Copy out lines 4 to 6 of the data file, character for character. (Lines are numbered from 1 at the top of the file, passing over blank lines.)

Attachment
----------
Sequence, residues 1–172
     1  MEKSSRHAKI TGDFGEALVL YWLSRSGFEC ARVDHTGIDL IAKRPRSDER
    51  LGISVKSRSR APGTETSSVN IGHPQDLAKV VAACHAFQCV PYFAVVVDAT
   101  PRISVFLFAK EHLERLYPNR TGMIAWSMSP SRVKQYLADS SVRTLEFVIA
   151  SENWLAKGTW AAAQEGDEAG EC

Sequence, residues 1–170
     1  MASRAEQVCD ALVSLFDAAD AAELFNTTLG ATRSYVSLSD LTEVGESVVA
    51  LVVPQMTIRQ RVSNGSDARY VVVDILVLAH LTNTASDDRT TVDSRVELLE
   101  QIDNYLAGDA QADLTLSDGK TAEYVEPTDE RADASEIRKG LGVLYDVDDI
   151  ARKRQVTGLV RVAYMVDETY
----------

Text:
   101  PRISVFLFAK EHLERLYPNR TGMIAWSMSP SRVKQYLADS SVRTLEFVIA
   151  SENWLAKGTW AAAQEGDEAG EC

Sequence, residues 1–170